Released under CC-BY-NC-SA

HULLS 2011

Linguistics and the Open Web

Gordon P. Hemsley
Queens College

What is the Open Web?


The Open Web is not so much a concrete entity as it is a set of philosophies. As the name implies, the Open Web serves to promote openness and freedom on an international—and supranational—scale.

The Open Web is based on decentralization, transparency, and two-way communication. Every citizen of the Open Web has an equal right to participate in the development of both the content of the Open Web and the standards and protocols that power it.

What is the Open Web?


The Open Web comes down to three fundamental concepts:

  • the ability to publish content on the Web using open standards
  • the ability to code and implement the open standards that such content depends on
  • the ability to access and use that content developed using those open standards

What is the Open Web?


  • The Mozilla project began in 1998, when Netscape released the source code to its web browser.
  • The non-profit Mozilla Foundation was founded in 2003 to promote openness, innovation, and opportunity on the Web.
  • The release of Firefox 1.0 in 2004 reinvigorated the browser market and gave users an alternative to the stagnated yet mammoth Internet Explorer.
  • Nowadays, Firefox claims about a quarter of the worldwide browser marketshare and competes with Chrome, Safari, Opera, and even a rejuvenated Internet Explorer to make the Web a better place.
  • Firefox 4 has been localized into over 80 languages and dialects by volunteers from around the world, covering over 95% of the world’s Internet-using population!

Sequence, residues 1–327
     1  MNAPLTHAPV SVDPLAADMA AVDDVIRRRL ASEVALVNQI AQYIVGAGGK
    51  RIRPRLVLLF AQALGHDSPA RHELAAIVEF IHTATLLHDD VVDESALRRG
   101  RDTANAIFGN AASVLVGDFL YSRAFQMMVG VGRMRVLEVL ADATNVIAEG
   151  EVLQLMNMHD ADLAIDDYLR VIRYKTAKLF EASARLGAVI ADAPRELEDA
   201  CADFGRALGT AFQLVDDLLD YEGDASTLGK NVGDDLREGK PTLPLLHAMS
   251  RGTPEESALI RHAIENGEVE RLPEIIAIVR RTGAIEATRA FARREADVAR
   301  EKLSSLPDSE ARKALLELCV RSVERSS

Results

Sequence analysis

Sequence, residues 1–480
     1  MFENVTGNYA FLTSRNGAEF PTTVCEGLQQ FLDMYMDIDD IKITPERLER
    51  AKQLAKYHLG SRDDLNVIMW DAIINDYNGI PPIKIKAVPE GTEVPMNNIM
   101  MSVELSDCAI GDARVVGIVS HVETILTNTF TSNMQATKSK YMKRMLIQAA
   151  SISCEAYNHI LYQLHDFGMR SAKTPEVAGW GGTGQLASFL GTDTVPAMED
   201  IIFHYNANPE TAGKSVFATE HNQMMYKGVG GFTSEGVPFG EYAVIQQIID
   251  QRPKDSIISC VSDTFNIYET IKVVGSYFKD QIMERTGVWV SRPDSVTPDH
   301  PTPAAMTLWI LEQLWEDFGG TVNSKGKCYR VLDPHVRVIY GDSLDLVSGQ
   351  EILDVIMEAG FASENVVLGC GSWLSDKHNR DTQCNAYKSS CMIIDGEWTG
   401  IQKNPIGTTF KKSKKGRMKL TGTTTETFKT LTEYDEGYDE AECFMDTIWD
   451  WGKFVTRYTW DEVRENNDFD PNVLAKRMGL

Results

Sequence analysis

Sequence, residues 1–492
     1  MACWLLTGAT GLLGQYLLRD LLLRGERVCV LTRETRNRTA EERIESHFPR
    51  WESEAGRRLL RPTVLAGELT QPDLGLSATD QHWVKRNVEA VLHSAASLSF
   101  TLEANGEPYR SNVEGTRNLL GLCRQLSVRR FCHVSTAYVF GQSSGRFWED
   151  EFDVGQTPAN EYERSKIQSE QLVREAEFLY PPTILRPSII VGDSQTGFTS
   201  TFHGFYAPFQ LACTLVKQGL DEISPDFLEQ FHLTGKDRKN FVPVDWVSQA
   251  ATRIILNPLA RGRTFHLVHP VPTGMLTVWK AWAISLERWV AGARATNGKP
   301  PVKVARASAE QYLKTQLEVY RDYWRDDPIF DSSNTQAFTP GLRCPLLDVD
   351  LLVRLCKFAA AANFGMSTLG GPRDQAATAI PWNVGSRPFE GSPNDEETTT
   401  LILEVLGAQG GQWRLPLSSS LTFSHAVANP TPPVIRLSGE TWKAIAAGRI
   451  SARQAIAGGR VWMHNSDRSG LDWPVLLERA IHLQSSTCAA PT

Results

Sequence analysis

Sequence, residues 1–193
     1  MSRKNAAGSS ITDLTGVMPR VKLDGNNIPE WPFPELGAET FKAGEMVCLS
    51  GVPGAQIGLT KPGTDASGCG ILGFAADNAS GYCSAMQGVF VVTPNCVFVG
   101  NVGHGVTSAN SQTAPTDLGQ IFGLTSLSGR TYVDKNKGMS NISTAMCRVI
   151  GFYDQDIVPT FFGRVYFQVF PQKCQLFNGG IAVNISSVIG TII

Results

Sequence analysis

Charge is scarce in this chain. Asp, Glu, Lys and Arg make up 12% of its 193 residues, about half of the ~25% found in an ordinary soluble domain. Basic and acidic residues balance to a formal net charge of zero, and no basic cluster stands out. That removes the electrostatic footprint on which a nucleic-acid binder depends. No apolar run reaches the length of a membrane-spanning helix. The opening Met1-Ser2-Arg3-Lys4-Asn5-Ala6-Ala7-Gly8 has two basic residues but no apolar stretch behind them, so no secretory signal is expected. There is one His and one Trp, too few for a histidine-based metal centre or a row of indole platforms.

What is the Open Web?


  • Wikipedia has its roots in Nupedia, a now-defunct online enclopedia that was curated by expert volunteers using an extensive peer-review process.
  • Wikipedia was created in 2001 when the writing of articles for Nupedia was found to be too slow. It was felt that an online encyclopedia which could be edited by anyone would speed up the process of writing articles.
  • Originally created only in English, Wikipedia was quickly expanded to include articles written in other languages—by the end of 2001, Wikipedia was available in at least 18 languages.
  • Over the past 10 years, Wikipedia has collected over 18 million articles, written by over 1.3 million people in 268 languages (some of which are endangered, extinct, or constructed)!

What is the Open Web?

Open source movement

  • The open source movement is an integral aspect of the Open Web which advocates providing free access to the source materials used to create a product or service.
  • Open source software is an important part of the open source movement, as it allows individuals to participate in creating and improving the products they use, in an open and transparent fashion.
  • Much of the software you use every day is based on open source software.

How does the Open Web relate to linguistics?


  • LaTeX is a high-quality typesetting program designed for creating technical and scientific documents. There are many packages available for typesetting a number of linguistics-related text, including IPA, tree diagrams, and glossing.
  • R is a powerful statistics programming evironment that is often used in linguistics to conduct statistical analyses and generate graphs.